With the world reopening driven by the rollout of Covid-19 vaccinations in both the UK, Ireland, and elsewhere, we can finally see the return to our more normal way of life. With this view, we are also seeing companies increasingly return to a model whereby their workforce is more in situ rather than remote, and our skies become more readily available again as flight routes reopen.
Crossing the Irish Sea this week, An Tánaiste, Ireland’s Deputy Prime Minister, Leo Varadkar, joined Enterprise Ireland’s Chief Executive Leo Clancy for the start of a three-country trade mission to the UK, France, and Germany. With London being the first leg, the trade mission, organised by Enterprise Ireland, signifies the importance of the partnership with the UK as the neighbouring market to Ireland and the strength of the long-standing trading relationship in place between the two countries.
This will be an important week for several reasons, firstly it demonstrates that life indeed is returning to a level of normality as we emerge to the other side of the pandemic which has challenged us all personally in making changes to our everyday routines from how we work through to how we stay connected to our families. Secondly, by embarking on this important trade mission, we are creating the opportunity to connect in person, rather than virtually, with some of our closest partners, none more so than our closest partner and neighbour, the UK.
Although we have embraced the technology that has enabled us to stay virtually connected, it simply cannot fully replace the experience of meeting in person to hold discussions that enable us to really explore how we continue to build on the strong existing bonds that we have with the country, its business community, and at a Government to Government level.
The UK is important to Ireland, we share the same values, we are countries that are both pro-enterprise and pro-competition, and a belief in working together to realise the mutual benefits of doing so. By collaborating together, we can build greater prosperity for our economies, develop business relationships that bring with it the opportunity for more jobs to be created, and forge greater advances in both productivity and capability as a result of embracing the latest innovation in the products and services that are delivered. This in turn drives our nations to compete strongly in the global arena.
The UK has always been and remains Ireland’s largest single trading partner. The importance of the relationship between our two neighbouring markets cannot be understated with a common travel area, integrated supply chains and approximately £1bn traded each week between both markets in goods and services. Therefore, it is rightly significant that our first trade mission since the onset of Covid-19 and the new EU-UK Trade and Cooperation Agreement, is to the UK.
I am delighted to see that Irish businesses are thriving in the UK market, and that they are also making a big contribution to the UK. With over 125,000 British jobs created as a result of Irish companies, there are clear benefits being generated to the UK economy. I believe we can still increase this level even further. Over the past 18 months, even against the backdrop of the unfolding pandemic, we have witnessed 67 Irish companies establish a presence in the UK – this is both good for our combined business communities, as well as fuelling our economies. At a human level, it is even more important, lives are being positively impacted with the jobs and careers that are being created.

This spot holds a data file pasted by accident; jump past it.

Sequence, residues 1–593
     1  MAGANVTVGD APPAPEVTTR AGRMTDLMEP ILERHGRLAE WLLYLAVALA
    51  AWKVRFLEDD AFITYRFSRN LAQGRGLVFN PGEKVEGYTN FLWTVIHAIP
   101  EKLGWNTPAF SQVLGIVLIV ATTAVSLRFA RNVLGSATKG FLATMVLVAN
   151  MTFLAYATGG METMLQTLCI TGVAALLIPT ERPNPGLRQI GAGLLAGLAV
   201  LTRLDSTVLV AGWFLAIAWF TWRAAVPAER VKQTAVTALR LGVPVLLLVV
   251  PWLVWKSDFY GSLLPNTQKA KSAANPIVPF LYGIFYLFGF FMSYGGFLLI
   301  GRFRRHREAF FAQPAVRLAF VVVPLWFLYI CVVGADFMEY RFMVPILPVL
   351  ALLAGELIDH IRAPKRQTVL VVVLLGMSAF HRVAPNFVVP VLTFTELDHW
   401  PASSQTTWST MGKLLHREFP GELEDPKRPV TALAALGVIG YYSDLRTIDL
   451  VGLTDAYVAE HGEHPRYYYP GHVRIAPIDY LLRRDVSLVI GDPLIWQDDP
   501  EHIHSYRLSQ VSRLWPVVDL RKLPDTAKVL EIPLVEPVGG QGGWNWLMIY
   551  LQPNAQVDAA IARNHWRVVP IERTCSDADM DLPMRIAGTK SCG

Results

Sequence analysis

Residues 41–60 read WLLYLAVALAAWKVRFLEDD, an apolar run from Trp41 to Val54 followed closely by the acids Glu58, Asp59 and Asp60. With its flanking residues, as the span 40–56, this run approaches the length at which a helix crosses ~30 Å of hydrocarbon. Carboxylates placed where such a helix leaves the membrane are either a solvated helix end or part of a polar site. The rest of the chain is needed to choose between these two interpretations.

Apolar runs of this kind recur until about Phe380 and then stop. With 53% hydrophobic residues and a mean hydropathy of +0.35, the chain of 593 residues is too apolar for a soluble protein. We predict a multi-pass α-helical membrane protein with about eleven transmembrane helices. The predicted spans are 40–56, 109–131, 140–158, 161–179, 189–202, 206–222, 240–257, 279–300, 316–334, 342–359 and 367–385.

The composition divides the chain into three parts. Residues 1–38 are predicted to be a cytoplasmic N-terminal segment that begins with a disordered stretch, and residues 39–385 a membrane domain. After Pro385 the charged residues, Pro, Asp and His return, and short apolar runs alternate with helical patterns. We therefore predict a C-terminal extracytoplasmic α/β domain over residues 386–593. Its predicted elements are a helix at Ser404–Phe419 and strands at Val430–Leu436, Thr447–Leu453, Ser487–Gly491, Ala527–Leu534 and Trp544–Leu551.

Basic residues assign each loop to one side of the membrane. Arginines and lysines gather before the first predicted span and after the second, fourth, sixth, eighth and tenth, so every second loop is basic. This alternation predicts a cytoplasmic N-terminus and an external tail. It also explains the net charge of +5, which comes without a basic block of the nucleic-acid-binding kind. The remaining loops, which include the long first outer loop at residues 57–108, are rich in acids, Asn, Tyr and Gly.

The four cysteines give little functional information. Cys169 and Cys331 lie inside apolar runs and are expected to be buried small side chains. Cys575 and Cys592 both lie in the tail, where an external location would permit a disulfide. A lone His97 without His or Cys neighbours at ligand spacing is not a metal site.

This week on the trade mission, we are seeing more Irish companies expand their operations in the UK, bringing Irish innovation to the housing and construction sectors, mobility and infrastructure, and in healthcare which has seen collaboration really benefit our healthcare systems as it navigated through the management of the effects of a pandemic, never before seen on this scale.
With the decades of investment made into our national R&D ecosystems, Ireland is delivering cutting edge innovation across many important sectors. Irish construction specialist, ESS Modular has used innovation in its offsite modular construction approach meaning that not only are there sustainability benefits to this, it is up to 50 percent faster than traditional construction methods. The company has grown to become an industry leader in modular construction in both Ireland and the UK and continues to grow further with their expansion in the UK, opening a new office opening in Manchester and creating 70 new jobs.
In healthcare, where innovation is so crucial to ensuring that our communities stay healthy, Ireland and the UK enjoy close cooperation and collaboration. This week, Limerick based Serosep Ltd, a leading supplier to NHS hospital trusts across the UK, announced a seven year contract with Liverpool Laboratory Services to supply their innovative molecular diagnostic solution, EntericBio, which is used to diagnose gastroenteritis.
These collaborations, and there are countless more, contribute to our nations’ ability to thrive, both economically, but also socially. This is why as globalised countries, the UK and Ireland will emerge strongly out of the pandemic era, building back stronger than before, and working in closer partnership to achieve our national ambitions. It’s the responsibility that we share with our business community as well as for communities.
Marina Donohoe is Regional Director – UK, Nordics, CEE, CIS & Russia – for Enterprise Ireland – the Irish Government’s trade and innovation agency – based in their London Office.